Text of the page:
causes the following behavior when (:rewrite lemma12) is tried. A break always occurs, but it is fed the commands above. The first, :unify-subst, causes break-rewrite to print out the unifying substitution. Then in response to :eval$ nil the lemma is tried but with all runes temporarily unmonitored. Thus no breaks will occur during the rewriting of the hypotheses of the lemma. When the attempt has been made, control returns to break-rewrite (which will print the results of the attempt, i.e., whether the lemma was applied, if so what the result is, if not why it failed). The next command, the :ok-if with its following expression, is a conditional exit command. It means exit break-rewrite if either the attempt was unsuccessful, (not (brr@ :wonp)), or if the result of the rewrite is any term other than (foo a). If this condition is met, the break is exited and the remaining break commands are irrelevant. If this condition is not met then the next command, :rewritten-rhs, prints the result of the application (which in this contrived example is known to be (foo a)). Finally, the list of supplied commands is exhausted but break-rewrite expects more input. Therefore, it begins prompting the user for input. The end result, then, of the above :monitor command is that the rune in question is elaborately traced and interactive breaks occur whenever it rewrites its target to (foo a).

We recognize that the above break condition is fairly arcane. We suspect that with experience we will develop some useful idioms. For example, it is straightforward now to define macros that monitor runes in the ways suggested by the following names: trace-rune, break-if-target-is, and break-if-result-is. For example, the last could be defined as

(defmacro break-if-result-is (rune term)
  `(monitor ',rune
            ''(:eval :ok-if
                     (not (equal (brr@ :rewritten-rhs) ',term)))))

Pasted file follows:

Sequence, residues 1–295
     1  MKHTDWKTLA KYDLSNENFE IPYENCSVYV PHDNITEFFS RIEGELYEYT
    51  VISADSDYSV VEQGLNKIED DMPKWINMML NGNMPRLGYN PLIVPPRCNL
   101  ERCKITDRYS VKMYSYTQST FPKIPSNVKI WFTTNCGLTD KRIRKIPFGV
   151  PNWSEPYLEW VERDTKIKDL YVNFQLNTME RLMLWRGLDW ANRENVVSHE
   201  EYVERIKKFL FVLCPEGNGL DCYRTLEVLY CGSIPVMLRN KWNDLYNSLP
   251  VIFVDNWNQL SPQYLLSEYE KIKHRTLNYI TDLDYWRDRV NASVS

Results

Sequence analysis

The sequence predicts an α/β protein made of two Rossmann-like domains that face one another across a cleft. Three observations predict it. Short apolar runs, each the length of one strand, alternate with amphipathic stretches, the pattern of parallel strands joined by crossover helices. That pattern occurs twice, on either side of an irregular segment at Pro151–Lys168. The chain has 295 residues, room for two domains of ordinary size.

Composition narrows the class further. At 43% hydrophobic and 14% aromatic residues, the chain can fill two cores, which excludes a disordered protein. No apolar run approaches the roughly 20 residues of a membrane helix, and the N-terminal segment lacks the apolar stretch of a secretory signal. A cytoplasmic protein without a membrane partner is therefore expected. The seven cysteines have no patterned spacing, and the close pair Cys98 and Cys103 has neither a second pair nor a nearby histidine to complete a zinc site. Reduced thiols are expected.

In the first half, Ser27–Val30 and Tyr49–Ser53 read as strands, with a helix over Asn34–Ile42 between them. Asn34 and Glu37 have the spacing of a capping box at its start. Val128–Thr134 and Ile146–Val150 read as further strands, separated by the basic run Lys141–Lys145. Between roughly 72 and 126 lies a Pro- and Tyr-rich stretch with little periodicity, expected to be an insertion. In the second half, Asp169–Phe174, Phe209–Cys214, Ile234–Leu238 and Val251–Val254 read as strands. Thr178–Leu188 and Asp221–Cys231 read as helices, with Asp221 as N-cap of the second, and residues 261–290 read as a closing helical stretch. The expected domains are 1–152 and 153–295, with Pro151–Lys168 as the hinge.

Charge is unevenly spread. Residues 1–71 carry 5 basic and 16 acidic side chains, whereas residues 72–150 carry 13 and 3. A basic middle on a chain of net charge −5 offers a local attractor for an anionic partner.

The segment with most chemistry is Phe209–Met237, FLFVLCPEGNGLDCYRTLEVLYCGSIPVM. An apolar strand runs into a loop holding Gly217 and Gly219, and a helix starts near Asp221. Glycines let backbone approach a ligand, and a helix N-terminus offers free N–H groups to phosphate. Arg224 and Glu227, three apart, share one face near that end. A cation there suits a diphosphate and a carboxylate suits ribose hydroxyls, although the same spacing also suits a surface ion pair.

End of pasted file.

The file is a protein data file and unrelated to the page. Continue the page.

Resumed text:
(Note however that the submitted term must be in translated form.)

Since we don't have any experience with this kind of control on lemmas we thought it best to provide a general (if arcane) mechanism and hope that the ACL2 community will develop the special cases that we find most convenient.


print the monitored runes and their break conditions
Major Section:  BREAK-REWRITE

Example and General Form:

This macro prints a list, each element of which is of the form (rune expr), showing each monitored rune and its current break condition.


conditional exit from break-rewrite
Major Section:  BREAK-REWRITE

Example Form:
:ok-if (null (brr@ :wonp))

General Form: :ok-if expr

where expr is a term involving no free variables other than state and returning one non-state result which is treated as Boolean. This form is intended to be executed from within break-rewrite (see break-rewrite).

Consider first the simple situation that the (ok-if term) is a command read by break-rewrite. Then, if the term is non-nil, break-rewrite exits and otherwise it does not.

More generally, ok-if returns an ACL2 error triple (mv erp val state). (See ld for more on error triples.) If any form being evaluated as a command by break-rewrite returns the triple returned by (ok-if term) then the effect of that form is to exit break-rewrite if term is non-nil. Thus, one might define a function or macro that returns the value of ok-if expressions on all outputs and thus create a convenient new way to exit break-rewrite.

The exit test, term, generally uses brr@ to access context sensitive information about the attempted rule application. See brr@. Ok-if is useful inside of command sequences produced by break conditions. See monitor. :ok-if is most useful after an :eval command has caused break-rewrite to try to apply the rule because in the resulting break environment expr can access such things as whether the rule succeeded, if so, what term it produced, and if not, why. There is no need to use :ok-if before :evaling the rule since the same effects could be achieved with the break condition on the rule itself. Perhaps we should replace this concept with :eval-and-break-if? Time will tell.


to stop monitoring a rule name
Major Section:  BREAK-REWRITE

(unmonitor '(:rewrite assoc-of-app))
:unmonitor (:rewrite assoc-of-app)
:unmonitor :all

General Forms: (unmonitor rune) (unmonitor :all)

Here, rune is a rune that is currently among those with break points installed. This function removes the break.

Subtle point: Because you may want to unmonitor a ``rune'' that is no longer a rune in the current ACL2 world, we don't actually check this about rune. Instead, we simply check that rune is a consp beginning with a keywordp. That way, you'll know you've made a mistake if you try to :unmonitor binary-append instead of :unmonitor (:definition binary-append), for example.